Equally daunting is another longstanding scheme called the “Return-Free” system, which would have the IRS send prepared tax forms to citizens for their signatures. Aside from potentially duping taxpayers of considerable savings if they were to complete returns themselves or with private assistance, many Americans would likely be intimidated into submitting to the IRS’s supposed “voluntary” procedure out of fear that not doing so would provoke government retaliation. In any case, a highly successful public-private partnership known as the Free File Alliance has for more than a decade provided free electronic tax return filing to millions of moderate-income filers. This service, scrupulously overseen by more than a dozen online tax preparation firms, has saved the consumers and taxpayers more than $1.4 billion in overhead costs since its inception.

F. Affordable Care Act Introduces New Complexities

President Barack Obama’s signature health care law, the Patient Protection and Affordable Care Act (PPACA), enacted 21 new tax changes, imposing additional cost and complexity burdens on filers.[20]

It was an extremely complicated legislative package. At the time, then House Majority Leader Nancy Pelosi pleaded with voters, “But we have to pass the bill so you can find out what is in it … .” Over the years since passage, very few people have actually read all of the legislation, but the IRS has published thousands of pages of regulations related to administration of the law as well as a compendium of resources to help explain compliance with the law to taxpayers and tax preparers. The IRS website has a section devoted to “Legal Guidance and Other Resources”[21] which links to dozens of separate pages containing informational PDFs, third party resources, and multimedia related to PPACA compliance. These include:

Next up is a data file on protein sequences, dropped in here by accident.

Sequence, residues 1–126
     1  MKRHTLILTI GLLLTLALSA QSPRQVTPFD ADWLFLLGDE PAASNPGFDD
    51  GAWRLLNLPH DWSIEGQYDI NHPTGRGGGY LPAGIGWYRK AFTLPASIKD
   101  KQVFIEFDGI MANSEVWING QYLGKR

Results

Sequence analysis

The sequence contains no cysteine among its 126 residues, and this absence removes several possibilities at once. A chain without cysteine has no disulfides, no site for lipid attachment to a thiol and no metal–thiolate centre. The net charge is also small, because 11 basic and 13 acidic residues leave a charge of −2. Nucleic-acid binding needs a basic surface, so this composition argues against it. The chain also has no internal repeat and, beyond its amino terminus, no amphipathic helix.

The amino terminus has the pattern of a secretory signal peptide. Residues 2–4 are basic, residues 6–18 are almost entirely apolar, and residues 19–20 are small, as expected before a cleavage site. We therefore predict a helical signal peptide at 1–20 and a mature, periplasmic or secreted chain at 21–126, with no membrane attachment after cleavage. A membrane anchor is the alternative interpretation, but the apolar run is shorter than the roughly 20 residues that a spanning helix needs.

• 151 tips since 2013 under the “Health Care Tax Tip Archive” page[22];
  • 15 flyers, publications, and trifolds totaling 161 pages;
  • Links to 22 YouTube videos available in English, Spanish, and Sign Language;
  • 10 podcasts; and
  • 5 webinars.

The IRS also lists, in electronic form, many of the various legal guidance, notices and regulatory decisions it has issued regarding PPACA implementation and compliance. On its “Affordable Care Act Tax Provisions” page, the IRS links to thousands of pages of regulations (including proposed, temporary, and final versions), Q&A documents, notices, news releases, and procedures.[23] The “Affordable Care Act Legal Guidance and Other Resources” page has even more documentation, many of which overlap with those listed on the Tax Provisions page.

The law requires all Americans to obtain health insurance coverage or be subject under the individual mandate to a tax penalty known as the “Individual Shared Responsibility Provision.” The tax penalty for 2015 was the greatest of either $325 per adult and $162.50 per child (capped) or 2 percent of household income. This will rise starkly this year to $695 per adult and $347 per child or 2.5 percent of income. The IRS notes, “The law prohibits the IRS from using liens or levies to collect any individual shared responsibility payment. However, if you owe a shared responsibility payment, the IRS may offset that liability against any tax refund that may be due to you.”[24]